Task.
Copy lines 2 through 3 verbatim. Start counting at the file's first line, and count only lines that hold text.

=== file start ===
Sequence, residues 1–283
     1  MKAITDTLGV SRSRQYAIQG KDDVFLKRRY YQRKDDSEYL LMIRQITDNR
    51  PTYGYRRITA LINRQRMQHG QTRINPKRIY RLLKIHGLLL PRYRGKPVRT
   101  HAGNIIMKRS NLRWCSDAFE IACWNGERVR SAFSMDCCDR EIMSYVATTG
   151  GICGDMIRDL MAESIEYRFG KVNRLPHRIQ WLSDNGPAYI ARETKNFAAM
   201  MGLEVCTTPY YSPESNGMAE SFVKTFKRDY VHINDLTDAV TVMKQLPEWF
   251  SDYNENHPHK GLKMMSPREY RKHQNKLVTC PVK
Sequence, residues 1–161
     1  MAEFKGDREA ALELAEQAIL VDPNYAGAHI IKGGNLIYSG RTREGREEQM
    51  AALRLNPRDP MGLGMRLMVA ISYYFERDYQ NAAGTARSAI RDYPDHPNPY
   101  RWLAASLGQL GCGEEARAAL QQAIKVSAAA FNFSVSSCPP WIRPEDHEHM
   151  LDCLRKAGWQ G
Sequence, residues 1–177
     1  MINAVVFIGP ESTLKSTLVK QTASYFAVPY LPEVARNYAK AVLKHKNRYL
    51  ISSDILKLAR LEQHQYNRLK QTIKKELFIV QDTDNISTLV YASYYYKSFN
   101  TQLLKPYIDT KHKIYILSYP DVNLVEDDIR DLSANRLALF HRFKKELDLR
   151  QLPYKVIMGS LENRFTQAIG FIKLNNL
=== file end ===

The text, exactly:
     1  MKAITDTLGV SRSRQYAIQG KDDVFLKRRY YQRKDDSEYL LMIRQITDNR
    51  PTYGYRRITA LINRQRMQHG QTRINPKRIY RLLKIHGLLL PRYRGKPVRT